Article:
Democrats Introduce Bills to Abolish, Reform Debt Ceiling

By Joseph Lord
Joseph Lord
Joseph Lord
Joseph Lord is a Congressional reporter for The Epoch Times who focuses on the Democrats. He got his Bachelor of Arts in Philosophy from Clemson University and was a scholar in the Lyceum Program.
October 14, 2021 Updated: October 14, 2021

News Analysis

Frustrated over Republicans stonewalling their efforts to raise the debt ceiling, Democrats in the House have introduced two measures that would abolish the debt ceiling or significantly reform it by placing it largely out of Congress’s jurisdiction.

The legislation, which was introduced by Rep. Brendan Boyle (D-Pa.), contains two separate approaches to the debt ceiling.

Option A: Abolish the Debt Ceiling Altogether

The first of the two brief bills contains only two lines. The first is “A bill to repeal the debt ceiling,” and the second declares any standing law relating to the debt ceiling repealed.

For much of U.S. history, no such thing as a debt limit existed, but it slowly came about as a congressional assertion of authority over the president.

Before 1917, Congress could approve individual loans or individual methods to be used by the Treasury, but often lending and spending were left to the president’s discretion.

After the nation became involved in World War I, Congress issued its first blanket debt limit with the Second Liberty Bond Act, which limited the debts that the Treasury could incur to $15 billion. Given the president’s large financial discretion, the bill was intended to limit how much then-President Woodrow Wilson could borrow to finance the war.

Aside from a few scattered bills approved by Congress to cap the aggregate debt limit that the president could borrow, the president continued to exercise largely unilateral control of state finances until the 1970s.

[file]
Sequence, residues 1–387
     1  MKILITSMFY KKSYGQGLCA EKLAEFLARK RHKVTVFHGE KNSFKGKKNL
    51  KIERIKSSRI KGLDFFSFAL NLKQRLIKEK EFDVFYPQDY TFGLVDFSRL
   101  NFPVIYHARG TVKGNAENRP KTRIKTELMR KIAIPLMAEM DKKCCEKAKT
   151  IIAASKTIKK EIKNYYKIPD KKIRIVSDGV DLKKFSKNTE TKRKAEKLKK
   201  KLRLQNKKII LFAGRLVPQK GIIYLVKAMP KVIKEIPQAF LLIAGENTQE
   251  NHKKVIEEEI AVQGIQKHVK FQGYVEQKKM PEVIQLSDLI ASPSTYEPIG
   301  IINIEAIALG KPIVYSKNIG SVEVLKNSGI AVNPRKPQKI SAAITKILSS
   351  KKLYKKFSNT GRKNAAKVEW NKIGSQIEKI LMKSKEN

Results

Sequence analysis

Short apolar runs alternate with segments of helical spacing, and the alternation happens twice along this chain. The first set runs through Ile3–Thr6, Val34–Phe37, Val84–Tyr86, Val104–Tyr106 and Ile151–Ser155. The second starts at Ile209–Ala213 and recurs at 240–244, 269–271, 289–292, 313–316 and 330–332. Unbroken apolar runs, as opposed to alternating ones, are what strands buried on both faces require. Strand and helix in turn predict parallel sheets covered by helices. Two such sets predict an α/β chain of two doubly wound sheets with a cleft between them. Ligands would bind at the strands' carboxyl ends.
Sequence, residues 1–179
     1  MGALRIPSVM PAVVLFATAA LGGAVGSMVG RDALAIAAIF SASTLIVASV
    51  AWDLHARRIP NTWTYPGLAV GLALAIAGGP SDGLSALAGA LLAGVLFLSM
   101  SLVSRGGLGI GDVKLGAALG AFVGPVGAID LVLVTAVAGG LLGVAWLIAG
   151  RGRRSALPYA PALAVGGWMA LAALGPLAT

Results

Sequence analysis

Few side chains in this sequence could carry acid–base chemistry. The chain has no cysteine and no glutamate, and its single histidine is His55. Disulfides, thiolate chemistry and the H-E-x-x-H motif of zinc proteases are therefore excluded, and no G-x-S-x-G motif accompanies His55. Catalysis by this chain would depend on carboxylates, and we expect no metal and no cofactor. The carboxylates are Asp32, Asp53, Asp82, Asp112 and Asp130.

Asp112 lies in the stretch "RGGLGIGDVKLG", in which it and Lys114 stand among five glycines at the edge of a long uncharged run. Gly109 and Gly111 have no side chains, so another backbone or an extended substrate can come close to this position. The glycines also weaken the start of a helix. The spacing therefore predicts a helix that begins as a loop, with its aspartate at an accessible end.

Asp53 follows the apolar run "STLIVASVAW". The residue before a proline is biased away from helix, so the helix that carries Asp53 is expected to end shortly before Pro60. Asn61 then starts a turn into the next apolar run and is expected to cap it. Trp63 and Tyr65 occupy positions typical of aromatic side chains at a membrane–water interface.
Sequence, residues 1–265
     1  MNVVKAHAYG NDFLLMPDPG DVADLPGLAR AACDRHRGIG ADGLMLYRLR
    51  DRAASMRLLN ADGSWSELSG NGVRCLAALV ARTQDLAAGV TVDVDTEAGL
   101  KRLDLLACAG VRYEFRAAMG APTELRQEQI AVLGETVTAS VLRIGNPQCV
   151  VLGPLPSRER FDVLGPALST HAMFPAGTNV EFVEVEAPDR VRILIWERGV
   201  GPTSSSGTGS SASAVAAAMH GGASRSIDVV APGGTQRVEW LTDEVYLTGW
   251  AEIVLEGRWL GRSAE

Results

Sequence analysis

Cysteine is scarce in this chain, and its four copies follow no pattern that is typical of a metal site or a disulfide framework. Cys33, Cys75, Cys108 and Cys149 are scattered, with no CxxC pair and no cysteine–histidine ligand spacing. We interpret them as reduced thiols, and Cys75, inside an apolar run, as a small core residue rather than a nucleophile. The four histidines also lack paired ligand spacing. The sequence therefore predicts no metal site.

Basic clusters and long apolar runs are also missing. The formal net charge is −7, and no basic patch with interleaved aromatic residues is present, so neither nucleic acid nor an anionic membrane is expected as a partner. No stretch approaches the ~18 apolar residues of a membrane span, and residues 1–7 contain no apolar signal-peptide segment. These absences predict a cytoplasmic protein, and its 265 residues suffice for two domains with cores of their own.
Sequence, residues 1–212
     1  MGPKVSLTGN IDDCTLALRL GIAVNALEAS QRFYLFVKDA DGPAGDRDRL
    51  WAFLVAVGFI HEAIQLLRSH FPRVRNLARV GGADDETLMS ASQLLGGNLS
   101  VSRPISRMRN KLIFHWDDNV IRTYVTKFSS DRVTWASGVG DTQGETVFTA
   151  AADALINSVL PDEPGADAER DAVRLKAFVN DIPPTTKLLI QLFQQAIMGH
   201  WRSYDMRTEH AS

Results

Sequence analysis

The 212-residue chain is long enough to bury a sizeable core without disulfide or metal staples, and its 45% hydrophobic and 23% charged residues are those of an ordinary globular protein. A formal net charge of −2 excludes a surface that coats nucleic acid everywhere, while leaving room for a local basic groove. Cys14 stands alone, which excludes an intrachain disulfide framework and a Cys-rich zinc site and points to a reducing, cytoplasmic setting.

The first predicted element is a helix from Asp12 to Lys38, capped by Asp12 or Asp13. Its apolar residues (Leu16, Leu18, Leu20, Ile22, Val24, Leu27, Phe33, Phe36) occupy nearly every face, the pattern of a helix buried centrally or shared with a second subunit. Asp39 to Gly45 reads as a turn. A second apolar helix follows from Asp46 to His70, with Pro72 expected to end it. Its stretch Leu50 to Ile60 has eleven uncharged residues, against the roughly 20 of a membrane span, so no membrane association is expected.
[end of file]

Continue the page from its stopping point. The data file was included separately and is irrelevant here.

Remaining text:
In the 1970s, the revelations surrounding the Watergate scandal led Congress to look deeper into the states’ finances, culminating in a reassertion of authority with the Budget Act of 1974.

The bill introduced annual itemized budgets passed by Congress, the budget reconciliation process, and limited the public debt to amounts approved by Congress. Since then, Congress has had unilateral authority to set borrowing limits on the president and the Treasury.

With the legislation, federal spending and revenues became a legislative prerogative rather than an executive one. Since then, the original oversight purpose of the bill has become obfuscated by largely party-line splits over raising the debt ceiling.

Members of both parties have often used the debt ceiling as a mechanism to play political hardball. In 2006, Democrats in the Senate—including then-Sen. Joe Biden (D-Del.) and now-Senate Majority Leader Chuck Schumer (D-N.Y.)—almost unanimously voted against raising the debt ceiling. Republicans have used the same move since then, most notably in 2011 and 2013 under President Barack Obama.

Despite this history of hardball, the move does give Congress the ability to extract concessions from the president, or to make a symbolic gesture of protest against the current administration. Democrats’ 2006 rebellion came as just such a protest vote. During Obama’s tenure, Republicans were able to use the mechanism to obtain a concession from Obama to cut spending.

Now, Boyle’s bill would abolish the debt ceiling altogether, leaving no limits on how much debt the United States can incur. If the measure were approved, neither the president nor Congress could place limits on the maximum acceptable national debt without repealing Boyle’s bill.

Some Democrats are supportive of the bill’s goal.